Today is both an exciting and a frightening time to be an author. Ditto that if you’re a publisher. The rule book has been snatched up, torn into pieces and patched together again in a fractured resemblance of how things used to function. In all this, two things remain constant: authors seek validation and corporations have to make money.
Some might say the traditional publishing model is broken, but you can still buy books in bricks and mortar stores. Others will tell you that you need never pay for a book again, as thousands of e-books are available for free via web stores. That argument is tempered with the quality of many such offerings. (Until I bought a Kindle I had never, ever given up on reading any published book to the end, as a matter of personal pride. War and Peace, Satanic Verses, I finished them all. Wish I could still say the same now.)
How do readers and authors find their way through the thrilling maze of digital publishing? Beware for here there be monsters.
A new author might take the route of self-publishing on Amazon, Barnes & Noble, Apple, Kobo et al and experience initial jubilation as friends, family and colleagues buy their e-book. When the social circles are exhausted, sales usually begin to flag and the author will either give up the ghost or use up their valuable writing time in a crazy whirl of manic social networking. If the cover, description and content is professional, and Lady Luck deigns to smile upon them, the author might make it through the rain. Most will find themselves in the cul-de-sac of Kindle.
Another budding author will read the success stories of self-publishing and decide to invest some serious money in professional help. They walk down the e-book boulevard of promise and are assaulted from all sides by ‘self-publishing packages’ marked with the badge of respectability. Look! These are major publishing houses and reputable literary agents, offering a slice of the golden future for a fee. Cover design, formatting, pay extra for some editing, the whole technical jiggery-pokery handled by someone else. All for just a few hundred, a few thousand, the choice of options is enticing. If the author makes it out of this avenue, without being eaten alive by a monster, then they might have a respectable end-product, but their e-book will still sink or swim in a sea of millions.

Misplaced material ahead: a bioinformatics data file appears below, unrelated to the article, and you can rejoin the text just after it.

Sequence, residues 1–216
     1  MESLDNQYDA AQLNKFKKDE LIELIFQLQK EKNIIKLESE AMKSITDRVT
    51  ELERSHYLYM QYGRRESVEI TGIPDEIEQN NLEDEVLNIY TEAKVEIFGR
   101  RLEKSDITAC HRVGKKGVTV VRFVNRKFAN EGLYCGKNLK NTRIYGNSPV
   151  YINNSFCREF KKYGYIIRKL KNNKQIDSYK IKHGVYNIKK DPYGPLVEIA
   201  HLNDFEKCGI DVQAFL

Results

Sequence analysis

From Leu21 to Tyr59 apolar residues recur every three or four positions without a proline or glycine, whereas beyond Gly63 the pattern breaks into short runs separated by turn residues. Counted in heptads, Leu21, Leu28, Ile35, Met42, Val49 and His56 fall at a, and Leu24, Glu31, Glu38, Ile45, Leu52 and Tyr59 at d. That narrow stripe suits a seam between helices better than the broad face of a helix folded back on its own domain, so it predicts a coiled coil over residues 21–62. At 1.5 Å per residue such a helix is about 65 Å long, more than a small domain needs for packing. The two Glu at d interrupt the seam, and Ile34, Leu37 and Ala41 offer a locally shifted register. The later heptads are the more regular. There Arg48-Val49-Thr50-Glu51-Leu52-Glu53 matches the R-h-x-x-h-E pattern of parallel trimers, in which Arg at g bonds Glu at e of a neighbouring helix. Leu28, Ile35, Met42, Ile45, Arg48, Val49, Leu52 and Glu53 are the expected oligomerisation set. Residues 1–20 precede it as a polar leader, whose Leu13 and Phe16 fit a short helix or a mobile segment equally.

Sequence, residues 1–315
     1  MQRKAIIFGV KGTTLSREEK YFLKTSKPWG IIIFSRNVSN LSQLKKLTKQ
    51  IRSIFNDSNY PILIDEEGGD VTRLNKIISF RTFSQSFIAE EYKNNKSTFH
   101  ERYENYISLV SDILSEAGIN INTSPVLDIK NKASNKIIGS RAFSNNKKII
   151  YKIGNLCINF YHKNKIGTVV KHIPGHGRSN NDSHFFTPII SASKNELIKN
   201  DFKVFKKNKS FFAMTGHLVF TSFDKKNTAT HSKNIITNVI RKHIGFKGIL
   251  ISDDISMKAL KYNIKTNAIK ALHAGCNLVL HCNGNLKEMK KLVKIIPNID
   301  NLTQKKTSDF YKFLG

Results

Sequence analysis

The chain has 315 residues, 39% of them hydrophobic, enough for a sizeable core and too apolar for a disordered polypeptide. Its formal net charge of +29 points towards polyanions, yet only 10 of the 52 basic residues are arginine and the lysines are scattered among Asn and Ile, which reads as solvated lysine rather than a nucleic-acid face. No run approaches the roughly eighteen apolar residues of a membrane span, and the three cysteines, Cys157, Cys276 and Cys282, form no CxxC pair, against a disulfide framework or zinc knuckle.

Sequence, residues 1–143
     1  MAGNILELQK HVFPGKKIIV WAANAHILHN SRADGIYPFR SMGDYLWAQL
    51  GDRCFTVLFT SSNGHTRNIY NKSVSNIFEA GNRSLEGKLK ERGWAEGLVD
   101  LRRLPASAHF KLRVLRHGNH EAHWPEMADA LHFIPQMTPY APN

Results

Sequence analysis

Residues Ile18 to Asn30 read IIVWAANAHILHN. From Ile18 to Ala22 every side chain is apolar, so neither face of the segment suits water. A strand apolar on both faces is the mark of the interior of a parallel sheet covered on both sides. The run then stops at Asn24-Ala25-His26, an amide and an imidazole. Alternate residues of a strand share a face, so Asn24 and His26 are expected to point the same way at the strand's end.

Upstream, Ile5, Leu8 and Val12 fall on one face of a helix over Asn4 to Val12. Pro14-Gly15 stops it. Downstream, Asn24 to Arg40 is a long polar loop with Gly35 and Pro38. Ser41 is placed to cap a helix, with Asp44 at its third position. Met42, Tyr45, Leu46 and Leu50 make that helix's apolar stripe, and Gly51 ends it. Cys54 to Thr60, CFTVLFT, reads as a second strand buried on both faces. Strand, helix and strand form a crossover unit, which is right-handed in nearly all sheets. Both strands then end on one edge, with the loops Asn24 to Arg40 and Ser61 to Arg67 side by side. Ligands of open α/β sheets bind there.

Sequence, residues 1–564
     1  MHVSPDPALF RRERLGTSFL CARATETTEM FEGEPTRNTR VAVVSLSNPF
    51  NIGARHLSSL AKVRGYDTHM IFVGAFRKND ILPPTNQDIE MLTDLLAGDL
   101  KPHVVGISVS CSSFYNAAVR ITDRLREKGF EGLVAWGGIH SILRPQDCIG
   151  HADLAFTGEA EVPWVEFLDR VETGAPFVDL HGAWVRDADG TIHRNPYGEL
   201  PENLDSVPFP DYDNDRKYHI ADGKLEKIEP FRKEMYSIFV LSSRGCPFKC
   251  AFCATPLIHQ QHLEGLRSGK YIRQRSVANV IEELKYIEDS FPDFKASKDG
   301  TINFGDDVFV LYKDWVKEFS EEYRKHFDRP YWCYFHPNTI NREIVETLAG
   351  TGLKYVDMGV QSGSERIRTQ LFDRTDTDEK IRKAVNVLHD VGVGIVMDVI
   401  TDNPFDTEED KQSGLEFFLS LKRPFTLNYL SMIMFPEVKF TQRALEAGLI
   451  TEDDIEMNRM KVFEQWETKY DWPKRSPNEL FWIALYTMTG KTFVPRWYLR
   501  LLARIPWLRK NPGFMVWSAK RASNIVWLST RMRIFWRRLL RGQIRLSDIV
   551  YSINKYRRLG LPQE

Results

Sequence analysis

Now look at the situation from a reader perspective. The modern reader is a hybrid creature. They have bookshelves of hard- and paperbacks. Some titles are treasured and well-thumbed. Others enjoy a bit of shelf-life and then are packed off to friends and family, charity shops or recycling. The modern reader also has gadgets: a smart phone, a tablet, laptop, maybe a dedicated e-reader such as a Kindle or Nook. These devices are a WiFi hotline to email and web stores. The recommendation engines of the digital book world push new titles in front of the reader and they sample, buy, download and read. Free titles are sucked up like plankton and the reader has to sift through for something satisfying.